Last modified: Jan. 21, 2020, 9:50 p.m.
The first confirmed Belgian record was on 01 June 1997 at Lessive (NA).
It is a rare and local species throughout Belgium.
The mine starts as a narrow gallery that is almost completely filled with red-brown frass. Later on, this gallery ends abruptly in a blotch in which the grainy black frass is distributed.
See also bladmineerders.be
The cocoon with the pupa hangs at the underside of a leaf in a peculiar hammock, suspended from silken 'guy ropes'.
The eggs are deposited in the underside of a leaf. The young larva initially mines a narrow gallery that is almost completely filled with red-brown frass. Later on, this gallery suddenly ends into a blotch in which the grainy black frass is distributed and is often located against the leaf margin. Nevertheless, part of the frass is worked out by the caterpillar that makes, for this purpose, one or more holes in the lower epidermis. A part of that expelled frass remains hanging in the silken fibres spun by the caterpillar at the bottom of the leaf.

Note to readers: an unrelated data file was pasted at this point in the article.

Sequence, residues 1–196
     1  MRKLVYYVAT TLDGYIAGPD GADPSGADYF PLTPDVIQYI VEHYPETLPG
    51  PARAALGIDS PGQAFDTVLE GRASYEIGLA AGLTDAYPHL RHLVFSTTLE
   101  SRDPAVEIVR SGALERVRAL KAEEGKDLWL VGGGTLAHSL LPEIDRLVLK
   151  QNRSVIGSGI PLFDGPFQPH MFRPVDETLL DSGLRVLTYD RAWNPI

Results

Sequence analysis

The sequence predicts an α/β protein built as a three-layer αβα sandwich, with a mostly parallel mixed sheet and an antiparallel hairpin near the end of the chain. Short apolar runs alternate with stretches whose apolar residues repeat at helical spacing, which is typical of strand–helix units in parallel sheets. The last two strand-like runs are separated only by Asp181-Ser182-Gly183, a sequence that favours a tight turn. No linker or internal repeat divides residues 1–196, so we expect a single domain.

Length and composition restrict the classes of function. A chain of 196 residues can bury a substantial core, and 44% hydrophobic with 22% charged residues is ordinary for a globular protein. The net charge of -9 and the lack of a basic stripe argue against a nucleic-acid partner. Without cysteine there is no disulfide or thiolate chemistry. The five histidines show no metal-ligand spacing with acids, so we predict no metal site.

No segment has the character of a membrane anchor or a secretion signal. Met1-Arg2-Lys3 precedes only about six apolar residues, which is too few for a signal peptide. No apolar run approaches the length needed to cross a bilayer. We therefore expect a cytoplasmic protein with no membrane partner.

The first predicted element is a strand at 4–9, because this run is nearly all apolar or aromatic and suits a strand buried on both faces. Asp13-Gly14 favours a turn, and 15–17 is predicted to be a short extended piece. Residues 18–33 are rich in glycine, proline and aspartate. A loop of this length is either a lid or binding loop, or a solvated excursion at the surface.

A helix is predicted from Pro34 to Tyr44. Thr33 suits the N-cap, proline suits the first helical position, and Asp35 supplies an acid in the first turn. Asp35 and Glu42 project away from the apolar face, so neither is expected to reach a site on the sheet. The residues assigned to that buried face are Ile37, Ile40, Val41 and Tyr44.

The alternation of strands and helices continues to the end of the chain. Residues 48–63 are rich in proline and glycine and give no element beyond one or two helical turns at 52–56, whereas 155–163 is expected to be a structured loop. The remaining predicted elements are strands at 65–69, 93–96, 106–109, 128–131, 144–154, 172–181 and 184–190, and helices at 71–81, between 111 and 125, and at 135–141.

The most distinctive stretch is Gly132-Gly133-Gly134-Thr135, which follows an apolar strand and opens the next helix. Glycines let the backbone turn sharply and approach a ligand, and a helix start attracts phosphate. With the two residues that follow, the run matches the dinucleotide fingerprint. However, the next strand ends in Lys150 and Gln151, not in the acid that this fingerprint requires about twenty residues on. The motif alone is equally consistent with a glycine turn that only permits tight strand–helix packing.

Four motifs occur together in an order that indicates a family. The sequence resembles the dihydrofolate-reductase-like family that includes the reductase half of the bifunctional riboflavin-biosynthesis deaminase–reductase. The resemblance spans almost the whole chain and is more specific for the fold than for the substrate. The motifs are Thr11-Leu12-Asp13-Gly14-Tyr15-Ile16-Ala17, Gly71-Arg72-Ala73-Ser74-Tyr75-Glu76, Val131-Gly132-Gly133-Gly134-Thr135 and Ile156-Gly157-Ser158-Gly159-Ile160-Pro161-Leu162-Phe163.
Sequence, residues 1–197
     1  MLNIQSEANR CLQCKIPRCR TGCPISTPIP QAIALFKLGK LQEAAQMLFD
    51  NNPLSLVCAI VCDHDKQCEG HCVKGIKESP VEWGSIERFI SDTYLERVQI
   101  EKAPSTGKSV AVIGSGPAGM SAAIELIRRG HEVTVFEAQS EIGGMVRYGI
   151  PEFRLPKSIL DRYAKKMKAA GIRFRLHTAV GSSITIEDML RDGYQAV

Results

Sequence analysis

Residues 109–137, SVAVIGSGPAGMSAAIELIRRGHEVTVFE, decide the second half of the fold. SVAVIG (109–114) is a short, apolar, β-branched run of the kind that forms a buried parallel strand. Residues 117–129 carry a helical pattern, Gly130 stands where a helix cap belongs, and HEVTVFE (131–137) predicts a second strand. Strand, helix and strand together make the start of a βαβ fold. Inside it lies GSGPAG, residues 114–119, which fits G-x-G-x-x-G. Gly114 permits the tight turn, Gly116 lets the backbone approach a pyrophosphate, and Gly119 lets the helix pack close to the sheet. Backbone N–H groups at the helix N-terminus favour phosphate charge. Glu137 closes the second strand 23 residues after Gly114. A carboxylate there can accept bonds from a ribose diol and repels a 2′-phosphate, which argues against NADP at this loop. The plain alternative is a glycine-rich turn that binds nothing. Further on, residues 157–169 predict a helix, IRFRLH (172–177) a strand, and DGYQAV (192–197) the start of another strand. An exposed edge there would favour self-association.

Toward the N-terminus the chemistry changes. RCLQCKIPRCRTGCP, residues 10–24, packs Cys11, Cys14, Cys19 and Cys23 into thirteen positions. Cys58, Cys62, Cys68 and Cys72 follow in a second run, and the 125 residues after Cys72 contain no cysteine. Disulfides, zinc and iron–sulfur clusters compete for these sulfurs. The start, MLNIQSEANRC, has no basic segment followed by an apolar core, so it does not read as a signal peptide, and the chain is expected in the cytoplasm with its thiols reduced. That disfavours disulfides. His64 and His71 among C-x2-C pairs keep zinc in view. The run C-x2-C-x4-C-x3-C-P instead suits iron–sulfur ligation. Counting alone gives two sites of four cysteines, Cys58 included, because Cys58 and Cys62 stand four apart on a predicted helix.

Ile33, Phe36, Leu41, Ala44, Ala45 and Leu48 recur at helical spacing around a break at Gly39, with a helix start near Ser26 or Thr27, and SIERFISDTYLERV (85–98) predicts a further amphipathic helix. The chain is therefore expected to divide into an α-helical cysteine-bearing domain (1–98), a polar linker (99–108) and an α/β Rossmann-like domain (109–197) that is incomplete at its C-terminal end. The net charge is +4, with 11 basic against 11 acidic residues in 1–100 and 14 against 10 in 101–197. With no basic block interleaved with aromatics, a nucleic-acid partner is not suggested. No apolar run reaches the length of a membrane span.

The caterpillar only mines in young leaves of the food plant and can leave its mine and start another one, sometimes even on a different leaf.
Pupation takes place in a peculiar silken hammock, constructed by the caterpillar.
The adults are on the wing from May till the beginning of July and then again from August to September.
The larva lives at the leaf undersides of mainly Prunus spinosa but also other Rosaceae such as e.g. Crataegus, Malus, Cotoneaster, Sorbus, Cydonia, Chaenomeles and Mespilus are accepted as hostplant.
Only occasionally it had been found on Betula.